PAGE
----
Early in 1971, McGraw-Hill passes on Clifford Irving's new novel. He's desperate for money, so, against the backdrop of Nixon's reelection calculations, Irving claims he has Howard Hughes's cooperation to write Hughes's autobiography. With the help of friend Dick Suskind, Irving does research, lucks into a manuscript written by a long-time Hughes associate, and plays on corporate greed. He's quick-thinking and outrageously bold. Plus, he banks on Hughes's reluctance to enter the public eye. At the same time, he's trying to rebuild his marriage and deflect the allure of his one-time mistress, Nina Van Pallandt. Can he write a good book, take the money, and pull off the hoax? Written by
Italian censorship visa # 100265 delivered on 19-10-2006. See more »
In one scene in the White House, a close up shows a door with a contemporary lever instead of a doorknob. The type of lever shown wasn't used until after the passage of the Americans With Disabilities Act of 1990. See more »
Bumped by this adolescent coffee boy. My lit professor at Cornell compared me to Hemingway! The middle of my life is at hand, and I don't have a couch.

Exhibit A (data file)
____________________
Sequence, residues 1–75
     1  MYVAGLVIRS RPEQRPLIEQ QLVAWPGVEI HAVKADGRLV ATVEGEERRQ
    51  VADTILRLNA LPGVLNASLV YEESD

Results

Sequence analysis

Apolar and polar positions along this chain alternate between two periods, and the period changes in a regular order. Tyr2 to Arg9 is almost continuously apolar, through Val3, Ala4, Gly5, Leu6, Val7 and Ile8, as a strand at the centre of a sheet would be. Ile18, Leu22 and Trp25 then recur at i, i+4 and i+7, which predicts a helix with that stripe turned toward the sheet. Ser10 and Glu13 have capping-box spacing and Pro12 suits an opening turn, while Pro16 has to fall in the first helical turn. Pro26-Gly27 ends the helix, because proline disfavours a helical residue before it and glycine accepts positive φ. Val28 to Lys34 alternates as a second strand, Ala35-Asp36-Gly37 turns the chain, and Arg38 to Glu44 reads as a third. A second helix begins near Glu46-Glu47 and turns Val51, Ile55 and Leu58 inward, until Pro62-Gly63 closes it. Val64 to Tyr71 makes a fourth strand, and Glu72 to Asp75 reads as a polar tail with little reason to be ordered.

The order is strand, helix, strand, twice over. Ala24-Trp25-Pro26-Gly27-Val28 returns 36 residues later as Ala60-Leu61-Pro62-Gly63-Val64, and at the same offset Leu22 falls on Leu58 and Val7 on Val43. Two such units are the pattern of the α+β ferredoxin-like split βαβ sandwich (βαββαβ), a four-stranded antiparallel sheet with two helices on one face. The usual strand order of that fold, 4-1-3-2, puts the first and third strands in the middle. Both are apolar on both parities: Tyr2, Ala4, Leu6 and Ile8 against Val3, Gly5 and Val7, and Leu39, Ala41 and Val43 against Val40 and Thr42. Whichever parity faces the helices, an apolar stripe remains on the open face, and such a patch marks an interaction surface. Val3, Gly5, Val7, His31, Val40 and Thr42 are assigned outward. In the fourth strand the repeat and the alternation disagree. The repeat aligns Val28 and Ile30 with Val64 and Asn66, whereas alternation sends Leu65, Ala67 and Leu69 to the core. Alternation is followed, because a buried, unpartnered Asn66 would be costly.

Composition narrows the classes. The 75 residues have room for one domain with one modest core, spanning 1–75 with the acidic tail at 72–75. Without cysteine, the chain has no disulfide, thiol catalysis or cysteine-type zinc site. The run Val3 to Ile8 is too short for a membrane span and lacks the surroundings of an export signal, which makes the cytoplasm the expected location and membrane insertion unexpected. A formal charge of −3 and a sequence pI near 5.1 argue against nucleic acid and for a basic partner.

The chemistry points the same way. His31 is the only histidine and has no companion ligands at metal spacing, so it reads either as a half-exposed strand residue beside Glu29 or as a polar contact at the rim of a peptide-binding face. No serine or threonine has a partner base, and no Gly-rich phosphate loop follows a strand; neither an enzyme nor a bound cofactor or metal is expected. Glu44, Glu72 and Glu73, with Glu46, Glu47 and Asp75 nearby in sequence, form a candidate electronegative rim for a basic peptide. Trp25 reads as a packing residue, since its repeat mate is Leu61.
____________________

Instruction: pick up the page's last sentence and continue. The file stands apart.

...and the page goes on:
Think about this: Henry Miller was 38-years-old, unpublished. His wife left him for a lesbian.
You're kind to tell me that, Dick. You're a very good man. You're a good friend. Need a loan?
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I watched this movie right after I had seen the amazingly boring "I'm Not There." at the Camerimage Festival in Poland. It came as a real relief to me. "The Hoax" is a pretty conventional movie about an unbelievable fraud that has taken place in the 70's. A guy called Clifford Irving actually convinced some publishers that he would write a biography about Howard Hughes authorized by no one but Hughes himself. Basically the whole movie is Richard Gere lying and dragging some people down with him. It wouldn't be such an entertaining affair if it wasn't for the great performances. Gere in particular never struck me as an outstanding actor, but he really shines here and has a great on screen-chemistry with the always good Alfred Molina.
"The Hoax" may not be Lasse Hallström's best movie, but it's a nice little companion piece to Scorsese's Hughes-biopic "The Aviator".
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